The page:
Saturday, December 24, 2016
In a world that once existed, long before cell phones, the internet, Travelocity or Expedia; Ann Marie and I made an ill fated weekend trip one year over Labor Day Weekend. The plan was that we would leave on Thursday or Friday and return on Monday. We had reservations at a Bed & Breakfast in Southwest Virginia for the first night or two and then our plan was to visit some of the other small mountain towns of Western North Carolina or Eastern Tennessee for the remainder of the trip where we would no doubt find a room for Saturday and Sunday evening.
When our stay at the Bed & Breakfast ended and we began to meander around North Carolina that Saturday, we found ourselves, traveling from one town to another and one hotel to another with absolutely no luck. It was a beautiful holiday weekend and there simply were no rooms to be found anywhere. Late that night, somewhere around 9 or 10 o’clock, frustrated, we gave up and headed home. For the bulk of the afternoon and evening, what we had heard over and over again was in essence what Mary and Joseph heard on that first Christmas night, “we just don’t have any room”.
In truth, we generally think of that phrase in verse 7 of Luke 2, where Jesus is born in a manger because there was “no room for them in the inn” as nothing more than a sad, small footnote to the Christmas story. And, without a doubt, that is what it is.
Yet, this sad footnote in the Christmas story is far sadder when it becomes a major footnote to our lives. For the truth is that so much of the time, we don’t have much room for Jesus either.
Yes, the Inn in Bethlehem was overflowing and there were no vacancies. But, so often, there are no vacancies in our lives either. With work to do at our place of employment and in our homes, places to be with our kids and our extended family and responsibilities to our communities and other civic organizations, so many of us have not room left for the Christ child of Bethlehem. It isn’t so much that we don’t believe the story, that we don’t accept the message of the Gospels, or, that we don’t believe that the teaching of the faith would benefit our lives – we do.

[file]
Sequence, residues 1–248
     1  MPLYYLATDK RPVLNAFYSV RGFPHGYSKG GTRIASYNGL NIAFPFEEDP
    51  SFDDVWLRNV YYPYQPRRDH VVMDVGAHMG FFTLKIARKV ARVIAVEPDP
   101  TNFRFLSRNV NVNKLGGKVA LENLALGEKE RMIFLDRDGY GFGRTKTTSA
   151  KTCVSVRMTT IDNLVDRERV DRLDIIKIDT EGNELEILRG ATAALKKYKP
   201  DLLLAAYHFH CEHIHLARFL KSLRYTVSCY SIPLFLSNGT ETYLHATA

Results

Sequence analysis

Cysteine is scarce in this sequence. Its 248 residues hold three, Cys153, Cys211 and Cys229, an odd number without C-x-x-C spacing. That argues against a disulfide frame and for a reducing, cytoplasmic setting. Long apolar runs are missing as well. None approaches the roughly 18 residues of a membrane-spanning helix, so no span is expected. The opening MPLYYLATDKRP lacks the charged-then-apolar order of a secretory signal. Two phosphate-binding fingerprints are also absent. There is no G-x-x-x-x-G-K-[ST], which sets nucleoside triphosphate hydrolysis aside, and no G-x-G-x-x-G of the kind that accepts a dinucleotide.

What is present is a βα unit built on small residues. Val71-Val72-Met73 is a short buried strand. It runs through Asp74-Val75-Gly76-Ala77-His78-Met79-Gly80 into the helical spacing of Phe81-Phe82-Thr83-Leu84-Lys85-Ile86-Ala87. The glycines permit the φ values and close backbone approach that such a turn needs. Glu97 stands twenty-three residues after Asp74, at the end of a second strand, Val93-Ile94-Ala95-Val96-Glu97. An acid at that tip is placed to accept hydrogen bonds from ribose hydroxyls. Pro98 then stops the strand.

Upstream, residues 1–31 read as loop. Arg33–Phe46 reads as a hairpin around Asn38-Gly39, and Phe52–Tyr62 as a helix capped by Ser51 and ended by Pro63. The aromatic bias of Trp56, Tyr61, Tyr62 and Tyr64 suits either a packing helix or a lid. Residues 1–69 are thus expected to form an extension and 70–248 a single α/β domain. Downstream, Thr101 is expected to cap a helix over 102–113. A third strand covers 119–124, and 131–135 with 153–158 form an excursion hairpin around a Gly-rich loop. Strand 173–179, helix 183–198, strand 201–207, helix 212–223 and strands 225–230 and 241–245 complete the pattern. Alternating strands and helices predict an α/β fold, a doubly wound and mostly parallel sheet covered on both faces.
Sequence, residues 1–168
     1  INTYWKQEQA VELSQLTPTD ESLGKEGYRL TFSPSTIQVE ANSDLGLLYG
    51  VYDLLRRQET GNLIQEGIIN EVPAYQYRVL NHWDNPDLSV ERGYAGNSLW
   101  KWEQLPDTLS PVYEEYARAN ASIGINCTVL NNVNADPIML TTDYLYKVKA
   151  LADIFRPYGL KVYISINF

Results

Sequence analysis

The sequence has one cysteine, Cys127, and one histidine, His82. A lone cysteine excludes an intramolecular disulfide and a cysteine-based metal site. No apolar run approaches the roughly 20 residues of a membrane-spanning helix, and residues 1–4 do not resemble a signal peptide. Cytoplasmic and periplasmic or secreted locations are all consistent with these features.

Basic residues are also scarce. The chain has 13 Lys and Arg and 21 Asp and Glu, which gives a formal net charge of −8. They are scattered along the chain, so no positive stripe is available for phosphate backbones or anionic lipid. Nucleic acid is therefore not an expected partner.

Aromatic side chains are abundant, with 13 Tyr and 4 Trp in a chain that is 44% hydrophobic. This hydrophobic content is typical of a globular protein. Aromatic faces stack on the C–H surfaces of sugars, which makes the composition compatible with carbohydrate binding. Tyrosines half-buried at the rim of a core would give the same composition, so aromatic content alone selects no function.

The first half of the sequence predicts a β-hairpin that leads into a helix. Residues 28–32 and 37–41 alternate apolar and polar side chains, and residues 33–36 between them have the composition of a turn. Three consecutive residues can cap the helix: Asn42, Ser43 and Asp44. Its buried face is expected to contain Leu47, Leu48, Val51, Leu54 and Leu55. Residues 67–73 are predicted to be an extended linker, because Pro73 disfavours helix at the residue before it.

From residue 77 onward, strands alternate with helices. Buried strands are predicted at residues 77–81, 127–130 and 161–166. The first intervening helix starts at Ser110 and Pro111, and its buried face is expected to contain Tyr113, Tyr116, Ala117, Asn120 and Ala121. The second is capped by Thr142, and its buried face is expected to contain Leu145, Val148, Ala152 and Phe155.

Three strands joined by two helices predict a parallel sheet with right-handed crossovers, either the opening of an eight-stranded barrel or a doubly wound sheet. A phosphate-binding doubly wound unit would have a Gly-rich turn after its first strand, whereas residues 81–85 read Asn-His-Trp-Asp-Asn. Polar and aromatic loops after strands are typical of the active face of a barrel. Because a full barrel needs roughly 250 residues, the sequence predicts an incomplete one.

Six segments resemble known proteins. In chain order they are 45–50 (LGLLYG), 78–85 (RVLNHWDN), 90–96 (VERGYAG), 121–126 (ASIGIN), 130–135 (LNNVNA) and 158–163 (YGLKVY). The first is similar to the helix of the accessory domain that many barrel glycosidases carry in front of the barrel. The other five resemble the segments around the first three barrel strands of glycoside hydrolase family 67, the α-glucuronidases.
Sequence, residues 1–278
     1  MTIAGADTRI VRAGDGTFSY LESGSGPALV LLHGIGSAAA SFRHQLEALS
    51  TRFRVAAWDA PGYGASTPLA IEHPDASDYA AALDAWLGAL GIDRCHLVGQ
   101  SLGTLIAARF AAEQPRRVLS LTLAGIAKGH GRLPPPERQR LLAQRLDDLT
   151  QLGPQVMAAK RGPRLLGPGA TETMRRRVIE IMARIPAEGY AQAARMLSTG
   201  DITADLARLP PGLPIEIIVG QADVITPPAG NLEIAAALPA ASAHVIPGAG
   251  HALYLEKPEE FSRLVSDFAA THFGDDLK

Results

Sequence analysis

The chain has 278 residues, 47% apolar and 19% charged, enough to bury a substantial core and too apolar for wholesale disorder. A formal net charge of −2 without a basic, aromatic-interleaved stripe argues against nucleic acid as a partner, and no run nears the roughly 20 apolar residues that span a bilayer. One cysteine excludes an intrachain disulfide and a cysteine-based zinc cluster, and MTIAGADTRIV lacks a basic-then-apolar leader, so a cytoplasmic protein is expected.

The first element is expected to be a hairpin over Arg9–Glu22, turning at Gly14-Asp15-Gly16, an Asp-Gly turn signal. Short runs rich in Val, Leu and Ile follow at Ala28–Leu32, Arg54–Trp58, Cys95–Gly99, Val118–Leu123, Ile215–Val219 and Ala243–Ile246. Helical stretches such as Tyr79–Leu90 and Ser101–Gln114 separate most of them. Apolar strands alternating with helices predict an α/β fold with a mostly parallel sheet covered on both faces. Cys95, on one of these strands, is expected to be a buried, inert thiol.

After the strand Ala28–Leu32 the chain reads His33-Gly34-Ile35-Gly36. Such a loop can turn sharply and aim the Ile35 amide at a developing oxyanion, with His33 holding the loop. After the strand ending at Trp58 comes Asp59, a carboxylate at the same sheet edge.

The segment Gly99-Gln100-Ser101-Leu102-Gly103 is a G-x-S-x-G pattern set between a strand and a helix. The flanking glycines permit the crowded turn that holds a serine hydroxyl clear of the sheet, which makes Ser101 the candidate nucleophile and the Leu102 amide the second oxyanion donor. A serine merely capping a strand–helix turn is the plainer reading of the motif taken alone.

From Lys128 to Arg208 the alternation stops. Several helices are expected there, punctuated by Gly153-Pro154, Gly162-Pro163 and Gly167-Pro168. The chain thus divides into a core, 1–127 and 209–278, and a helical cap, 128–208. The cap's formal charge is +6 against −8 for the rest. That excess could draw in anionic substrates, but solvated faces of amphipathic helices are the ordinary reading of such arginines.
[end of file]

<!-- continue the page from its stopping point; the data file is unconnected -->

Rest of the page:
The simple fact of the matter is that for some many of us and for so many of our families in 2016, we just don’t have any room. Our lives are already filled to overflowing and the Christ of Bethlehem is the one who gets left out in the cold just as his family was left out of the Inn on that fateful night in Bethlehem.
At least in part, however, Christmas gives us the chance to begin again, to get it right, to clear out the necessary space. And, by coming here tonight, we have made a good beginning. We have said that one thing we need to do on this Christmas Eve is to make room for worship, for Jesus, for the real significance of this season.
In turn, my encouragement to all of us is that we would not see tonight as a one time thing but as something to build. For the joy of our faith is found in making room not once in a while but rather every day for this one born in Bethlehem.
So, on this Christmas Eve, what does it mean for us as individuals to make room for the Christ child? Does it mean to invite him into our heart for the very first time and make Christ our Lord? Does it mean to do some reordering in our life to begin to get ourselves and our family to church and to the church’s activities on a more regular basis? Does it mean to move from making room on Sundays to making room everyday? Or does it mean to make some other changes in our life so that other things get left out rather than the things that God really wants us to be about or to do?
Yes, he was born in a manger for there was no room for him in the inn…Yet, will he be born anew in our hearts and in our lives because we saw to it that above all else, there was a place for him? That is our challenge this Christmas. Amen.